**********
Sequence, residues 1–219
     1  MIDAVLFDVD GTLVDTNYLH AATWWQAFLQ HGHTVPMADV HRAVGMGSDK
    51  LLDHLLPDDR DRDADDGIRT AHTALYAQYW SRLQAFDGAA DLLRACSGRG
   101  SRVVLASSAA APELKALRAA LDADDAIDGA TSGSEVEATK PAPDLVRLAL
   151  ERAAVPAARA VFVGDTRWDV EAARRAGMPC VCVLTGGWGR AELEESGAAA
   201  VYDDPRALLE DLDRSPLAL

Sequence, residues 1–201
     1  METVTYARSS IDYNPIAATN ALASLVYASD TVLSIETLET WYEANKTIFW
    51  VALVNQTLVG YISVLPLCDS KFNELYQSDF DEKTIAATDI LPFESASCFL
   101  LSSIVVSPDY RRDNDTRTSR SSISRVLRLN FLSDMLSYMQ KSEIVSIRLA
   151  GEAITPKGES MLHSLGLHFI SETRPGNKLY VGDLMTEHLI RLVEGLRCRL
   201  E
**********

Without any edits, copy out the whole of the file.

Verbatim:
Sequence, residues 1–219
     1  MIDAVLFDVD GTLVDTNYLH AATWWQAFLQ HGHTVPMADV HRAVGMGSDK
    51  LLDHLLPDDR DRDADDGIRT AHTALYAQYW SRLQAFDGAA DLLRACSGRG
   101  SRVVLASSAA APELKALRAA LDADDAIDGA TSGSEVEATK PAPDLVRLAL
   151  ERAAVPAARA VFVGDTRWDV EAARRAGMPC VCVLTGGWGR AELEESGAAA
   201  VYDDPRALLE DLDRSPLAL

Sequence, residues 1–201
     1  METVTYARSS IDYNPIAATN ALASLVYASD TVLSIETLET WYEANKTIFW
    51  VALVNQTLVG YISVLPLCDS KFNELYQSDF DEKTIAATDI LPFESASCFL
   101  LSSIVVSPDY RRDNDTRTSR SSISRVLRLN FLSDMLSYMQ KSEIVSIRLA
   151  GEAITPKGES MLHSLGLHFI SETRPGNKLY VGDLMTEHLI RLVEGLRCRL
   201  E